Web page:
Sunday, August 10, 2014

Learning life's lessons (over and over again)



Life, as the saying goes, is the best teacher. It's also the theme of this week's Premier Crossword by Frank Longo, which bears the title "What's It All About?" Today's lesson, for me, was the need to guard against over-confidence - it's a lesson I've had to relearn many times over the years. My mistake, which became all too obvious when I got to the bottom of the puzzle, was to think I had correctly guessed the last theme answer without any crosswords in place. After I had solved the first few long theme answers I realized that what they had in common was that each on is a different DEFINITION OF LIFE, so I over-confidently jumped ahead to write that in the spaces provided, where it fit perfectly of course. Then I went back to solving the puzzle in my usual manner, working down the grid from left to right, quite pleased with myself for being so smart.

All of the theme answers were clued, somewhat cryptically I think, in relation to the last one, which was 112-Across, like this:

23a - ENERGETIC QUALITY (112-Across, #1)
30a - BOARD GAME FROM HASBRO (112-Across, #2)
51a - PERIOD OF ONE'S EXISTENCE (112-Across, #3)
64a - HARSH PRISON SENTENCE (112-Across, #4_
83a - QUAKER BREAKFAST CEREAL (112-Across, #5)
97a - ONCE POPULAR MAGAZINE (112-Across, #6)

So there they are, six perfectly reasonable definitions of "life", from the existential to the commercial. I was certainly feeling smug about already having 112-Across already filled in, and the possibility that I might have it wrong never even entered my mind until I got there and discovered some of the crosswords just weren't working. One thing I've learned from years of doing crossword puzzles is that whenever I get stuck, the more certain I am that an answer is right makes it more likely that it is wrong. So I let the crosswords correct my mistake (like I should have done from the outset) to discover:

112a-THE MEANING OF LIFE (This puzzle's theme)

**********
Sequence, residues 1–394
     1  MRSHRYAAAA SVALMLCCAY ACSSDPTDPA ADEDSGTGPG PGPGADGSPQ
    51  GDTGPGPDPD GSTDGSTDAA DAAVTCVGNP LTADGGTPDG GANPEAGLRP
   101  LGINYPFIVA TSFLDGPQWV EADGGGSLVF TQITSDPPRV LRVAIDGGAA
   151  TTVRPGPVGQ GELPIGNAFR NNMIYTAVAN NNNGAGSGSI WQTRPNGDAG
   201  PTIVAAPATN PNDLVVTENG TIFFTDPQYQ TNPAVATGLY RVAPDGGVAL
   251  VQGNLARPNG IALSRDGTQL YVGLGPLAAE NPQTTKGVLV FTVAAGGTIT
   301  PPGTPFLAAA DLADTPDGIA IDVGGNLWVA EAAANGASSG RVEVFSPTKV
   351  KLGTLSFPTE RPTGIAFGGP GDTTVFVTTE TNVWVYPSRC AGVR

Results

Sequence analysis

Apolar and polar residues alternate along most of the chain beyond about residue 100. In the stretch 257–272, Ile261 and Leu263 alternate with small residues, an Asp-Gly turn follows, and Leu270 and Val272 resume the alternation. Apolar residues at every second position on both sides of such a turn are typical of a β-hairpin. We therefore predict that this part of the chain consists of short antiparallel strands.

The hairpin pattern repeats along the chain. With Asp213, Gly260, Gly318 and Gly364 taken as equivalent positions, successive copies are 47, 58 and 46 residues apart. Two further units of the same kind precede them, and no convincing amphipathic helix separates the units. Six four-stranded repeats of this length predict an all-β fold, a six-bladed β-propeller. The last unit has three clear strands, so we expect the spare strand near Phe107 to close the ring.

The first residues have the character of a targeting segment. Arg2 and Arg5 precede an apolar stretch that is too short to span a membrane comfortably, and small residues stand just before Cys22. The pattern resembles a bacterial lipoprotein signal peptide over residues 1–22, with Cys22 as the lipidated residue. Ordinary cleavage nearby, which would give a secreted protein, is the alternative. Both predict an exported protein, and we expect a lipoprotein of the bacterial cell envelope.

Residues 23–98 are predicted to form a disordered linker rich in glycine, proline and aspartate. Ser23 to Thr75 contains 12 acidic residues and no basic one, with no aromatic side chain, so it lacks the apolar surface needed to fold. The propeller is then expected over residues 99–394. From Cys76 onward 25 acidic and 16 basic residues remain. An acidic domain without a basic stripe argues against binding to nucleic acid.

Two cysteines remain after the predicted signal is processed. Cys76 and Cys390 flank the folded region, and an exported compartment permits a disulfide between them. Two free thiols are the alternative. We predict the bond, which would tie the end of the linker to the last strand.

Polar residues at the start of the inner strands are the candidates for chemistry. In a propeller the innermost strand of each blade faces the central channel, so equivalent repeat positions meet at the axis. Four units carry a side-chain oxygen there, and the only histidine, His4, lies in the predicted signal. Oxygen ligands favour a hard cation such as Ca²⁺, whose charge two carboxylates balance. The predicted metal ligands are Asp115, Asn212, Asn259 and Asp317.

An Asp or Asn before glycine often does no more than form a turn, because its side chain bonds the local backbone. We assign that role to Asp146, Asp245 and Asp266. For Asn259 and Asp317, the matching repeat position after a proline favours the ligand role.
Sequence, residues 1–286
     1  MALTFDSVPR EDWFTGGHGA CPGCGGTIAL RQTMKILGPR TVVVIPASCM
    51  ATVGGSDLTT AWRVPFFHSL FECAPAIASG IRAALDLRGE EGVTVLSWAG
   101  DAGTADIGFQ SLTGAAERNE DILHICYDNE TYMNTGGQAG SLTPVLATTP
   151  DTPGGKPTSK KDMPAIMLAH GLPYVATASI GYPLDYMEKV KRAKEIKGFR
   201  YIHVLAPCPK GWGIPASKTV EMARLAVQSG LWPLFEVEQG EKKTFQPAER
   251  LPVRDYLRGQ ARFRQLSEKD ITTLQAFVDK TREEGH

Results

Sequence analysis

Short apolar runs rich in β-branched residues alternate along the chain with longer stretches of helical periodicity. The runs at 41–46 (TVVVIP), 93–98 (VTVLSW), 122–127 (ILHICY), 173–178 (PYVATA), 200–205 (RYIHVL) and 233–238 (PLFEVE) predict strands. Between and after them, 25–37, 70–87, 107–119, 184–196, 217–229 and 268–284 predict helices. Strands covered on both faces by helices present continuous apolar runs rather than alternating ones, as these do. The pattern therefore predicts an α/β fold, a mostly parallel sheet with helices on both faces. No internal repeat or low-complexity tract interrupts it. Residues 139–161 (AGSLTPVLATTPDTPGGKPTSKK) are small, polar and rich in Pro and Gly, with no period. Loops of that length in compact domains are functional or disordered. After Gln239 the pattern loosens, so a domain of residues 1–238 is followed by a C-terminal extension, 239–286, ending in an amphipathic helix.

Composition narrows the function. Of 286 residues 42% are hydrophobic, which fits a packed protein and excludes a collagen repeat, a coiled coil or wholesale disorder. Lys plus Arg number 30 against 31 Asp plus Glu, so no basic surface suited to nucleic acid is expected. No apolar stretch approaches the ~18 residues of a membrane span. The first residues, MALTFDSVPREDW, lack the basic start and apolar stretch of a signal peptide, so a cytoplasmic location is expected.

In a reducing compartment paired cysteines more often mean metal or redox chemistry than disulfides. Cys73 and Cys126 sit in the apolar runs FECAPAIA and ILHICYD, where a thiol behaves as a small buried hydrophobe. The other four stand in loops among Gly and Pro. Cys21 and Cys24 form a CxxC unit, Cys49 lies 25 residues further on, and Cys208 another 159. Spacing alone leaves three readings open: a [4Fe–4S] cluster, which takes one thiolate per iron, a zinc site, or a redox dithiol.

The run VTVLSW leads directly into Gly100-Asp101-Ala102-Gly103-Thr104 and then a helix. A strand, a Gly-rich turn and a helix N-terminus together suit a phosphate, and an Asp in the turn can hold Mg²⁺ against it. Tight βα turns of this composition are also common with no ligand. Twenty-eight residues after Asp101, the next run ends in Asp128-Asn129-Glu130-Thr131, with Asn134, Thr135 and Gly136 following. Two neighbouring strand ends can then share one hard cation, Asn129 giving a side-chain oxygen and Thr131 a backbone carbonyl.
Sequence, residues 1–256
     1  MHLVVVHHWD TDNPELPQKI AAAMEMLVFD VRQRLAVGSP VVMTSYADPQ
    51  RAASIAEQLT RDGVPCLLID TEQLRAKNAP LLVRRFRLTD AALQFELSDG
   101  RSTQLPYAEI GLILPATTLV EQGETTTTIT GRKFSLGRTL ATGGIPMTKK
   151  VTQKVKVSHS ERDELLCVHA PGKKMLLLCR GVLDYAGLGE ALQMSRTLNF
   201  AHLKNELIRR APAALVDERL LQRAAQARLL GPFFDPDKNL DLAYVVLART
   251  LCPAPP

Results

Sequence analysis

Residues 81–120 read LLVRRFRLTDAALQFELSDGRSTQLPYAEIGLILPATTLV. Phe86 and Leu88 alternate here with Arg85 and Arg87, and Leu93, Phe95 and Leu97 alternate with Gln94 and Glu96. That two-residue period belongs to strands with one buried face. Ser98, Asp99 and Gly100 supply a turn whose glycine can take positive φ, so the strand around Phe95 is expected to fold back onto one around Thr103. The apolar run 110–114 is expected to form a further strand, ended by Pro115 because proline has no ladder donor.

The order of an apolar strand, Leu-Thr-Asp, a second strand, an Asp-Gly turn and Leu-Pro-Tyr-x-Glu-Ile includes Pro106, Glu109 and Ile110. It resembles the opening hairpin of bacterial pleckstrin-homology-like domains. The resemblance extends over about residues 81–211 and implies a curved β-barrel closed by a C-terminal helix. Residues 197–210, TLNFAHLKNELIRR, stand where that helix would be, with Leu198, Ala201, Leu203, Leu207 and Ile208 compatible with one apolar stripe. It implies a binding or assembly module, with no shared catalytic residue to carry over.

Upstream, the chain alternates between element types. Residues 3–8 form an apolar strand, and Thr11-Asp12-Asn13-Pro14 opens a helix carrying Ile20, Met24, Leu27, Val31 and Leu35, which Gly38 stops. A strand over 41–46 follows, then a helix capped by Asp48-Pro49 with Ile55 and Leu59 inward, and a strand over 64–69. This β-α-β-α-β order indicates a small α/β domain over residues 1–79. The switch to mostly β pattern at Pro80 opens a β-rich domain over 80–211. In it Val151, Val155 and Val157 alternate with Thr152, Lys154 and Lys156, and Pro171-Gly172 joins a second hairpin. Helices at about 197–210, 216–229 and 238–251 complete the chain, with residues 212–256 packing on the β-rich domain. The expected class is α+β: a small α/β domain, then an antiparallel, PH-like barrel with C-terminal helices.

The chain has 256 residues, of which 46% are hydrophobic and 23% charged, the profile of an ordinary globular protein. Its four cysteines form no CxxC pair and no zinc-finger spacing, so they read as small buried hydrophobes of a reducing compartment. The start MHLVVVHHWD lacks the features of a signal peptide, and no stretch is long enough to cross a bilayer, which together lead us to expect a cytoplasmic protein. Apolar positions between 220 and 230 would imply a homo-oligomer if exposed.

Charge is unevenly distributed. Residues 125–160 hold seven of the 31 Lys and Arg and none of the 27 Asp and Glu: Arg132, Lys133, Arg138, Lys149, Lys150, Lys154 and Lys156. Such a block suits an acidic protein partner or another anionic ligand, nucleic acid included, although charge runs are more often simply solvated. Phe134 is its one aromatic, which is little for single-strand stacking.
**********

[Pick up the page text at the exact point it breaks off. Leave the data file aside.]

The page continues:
Which, of course, is a much better answer to the question asked by the puzzle's title and is painfully easy to see if one simply uses the crosswords to confirm the answer instead of arrogantly jumping ahead on the basis of nothing whatsoever. If it was a trap it was a well designed one and I didn't just fall into it,  jumped in head first.

My own foibles aside, I have to say this was an impressive theme in many respects. The six different definitions, I mean "meanings", are all spot-on accurate and easy to figure out - assuming you're familiar with the three commercial variations, that is. Then designing a grid around them that provides perfect rotational symmetry, that's a work of art. Two of the theme answers span the entire width of the grid, too - that's something I don't think I've seen Frank Longo do very often and I think it adds an elegant touch.

I always enjoy learning new things (other than "humility") when I'm doing a puzzle and today I learned that PERILED ( 21a - Exposed to danger) can be a transitive verb that means exactly what the clue says; I only knew "peril" as a noun and "imperil" as the verb.

As for the rest of the fill, the grid required a lot of three- and four-letter answers which almost always produces some less than ideal entries but I didn't see anything to get HET-UP (64d - All upset) about.  Even ANG (5d - With 6-Down, Best Director of 2012) LEE (6d - See 5-Down) didn't make me MOAN (33d- Kvetch) too loudly, even though he's a CELEB (17d - Tabloid topic) I know only from doing crosswords.

I noticed a couple of nice juxtapositions in the grid with an AXE (46d - Log-splitter) BIT (47d - Comic shtick) nicely coupled up, as are SCARE (91a - Alarm) and FEAR (94a - Be alarmed by). ANTIC (48d - Ludicrous) SCENE (49d - Script unit) reminded me of this:

And with that I'll say TATA (81d - "So long!") for this week and leave you to ponder the question asked by the puzzle's title and this song:

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